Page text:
segplot(sch, "race", "school", weight = "n", secondary_plot = "segregation")

Compressing segregation information

The compression algorithm requires three steps to be taken. First, it is important to decide which units should be permitted to merge: for residential segregation, we may only want to allow neighboring units (such as tracts) to be mergeable. In this case, the first step consists of compiling a data frame with exactly two columns, where each row identifies a pair of neighboring units. In other cases, we may want to allow all units to be mergeable, in principle. However, this can be very time-consuming as it requires each unit to be compared to all others at every step of the merging operation. To speed up compression, we therefore implement an option that allows units to be merged only within a window of “neighboring” units, where the definition of each window is based on similarities in local segregation. Hence, for a given unit, only n_neighbors are considered at every step, and these neighbors are based on similarities in local segregation. Smaller n_neighbors values will result in faster run times, but increase the probability of non-optimal merges. The method of merging can be specified in the compress() function by supplying the argument neighbors.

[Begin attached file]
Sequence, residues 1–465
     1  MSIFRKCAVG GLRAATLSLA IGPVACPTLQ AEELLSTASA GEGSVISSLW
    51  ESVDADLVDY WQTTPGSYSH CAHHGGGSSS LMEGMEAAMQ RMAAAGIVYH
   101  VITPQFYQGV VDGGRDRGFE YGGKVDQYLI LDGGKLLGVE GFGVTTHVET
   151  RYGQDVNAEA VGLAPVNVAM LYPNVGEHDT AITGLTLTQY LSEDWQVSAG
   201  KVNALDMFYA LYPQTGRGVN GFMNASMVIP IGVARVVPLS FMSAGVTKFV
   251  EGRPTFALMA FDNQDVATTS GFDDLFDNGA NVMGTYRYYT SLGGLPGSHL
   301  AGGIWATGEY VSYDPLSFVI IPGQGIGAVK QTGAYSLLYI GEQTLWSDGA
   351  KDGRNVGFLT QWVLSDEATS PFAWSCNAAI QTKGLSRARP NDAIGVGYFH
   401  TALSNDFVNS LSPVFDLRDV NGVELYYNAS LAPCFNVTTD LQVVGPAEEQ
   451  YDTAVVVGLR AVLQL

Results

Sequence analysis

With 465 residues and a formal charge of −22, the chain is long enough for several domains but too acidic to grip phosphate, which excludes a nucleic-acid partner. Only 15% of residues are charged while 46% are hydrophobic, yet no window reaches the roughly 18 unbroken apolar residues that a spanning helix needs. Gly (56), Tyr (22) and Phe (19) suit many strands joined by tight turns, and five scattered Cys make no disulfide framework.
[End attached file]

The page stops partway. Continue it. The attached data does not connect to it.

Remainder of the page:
The second step is then to run the actual compression algorithm using compress(). For this example, we choose to compress based on a relatively small window:

# compression based on window of 20 'neighboring' units
# in terms of local segregation (alternatively, neighbors can be a data frame)
comp <- compress(sch, "race", "school",
  weight = "n", neighbors = "local", n_neighbors = 20

After running compress()—which can take some time depending on how many neighbors need to be considered—the output summarizes the compression that can be achieved:

#> Compression of dataset with 560 units
#> Original M: 0.4085965; Final M: 0
#> - Threshold 99%: M = 0.4045242; Units = 92
#> - Threshold 95%: M = 0.388871; Units = 22
#> - Threshold 90%: M = 0.3695035; Units = 9

The results indicate that 99% of the segregation information can be retained by only 98 units (out of 560 in the original dataset), 95% in only 24 units, and 90% in 10 units. The percentage of information retained on each iteration can be accessed via the data frame available through comp$iterations. This data frame can also be used to generate a plot that shows the relationship between the number of merges and the loss in segregation information:


Another way to learn more about the compression is to visualize the information as a dendrogram:

dend <- as.dendrogram(comp)
plot(dend, leaflab = "none")

The third step is to create a new dataset based on the desired level of compression. This can be achieved using the function merge_units(), and either n_units or percent can be specified to indicate the desired level of compression.

sch_compressed <- merge_units(comp, n_units = 15)
# or, for instance: merge_units(comp, percent = 0.80)
#>    school   race     n
#>    <fctr> <fctr> <num>
#> 1:    M12  asian   143
#> 2:    M12  black   445
#> 3:    M12   hisp   472
#> 4:    M12  white  6174
#> 5:     M2  black    67
#> 6:     M2   hisp   642

The compressed dataset has the same format as the original dataset and can now be used to produce another segplot, e.g.

segplot(sch_compressed, "race", "school", weight = "n", secondary_plot = "segregation")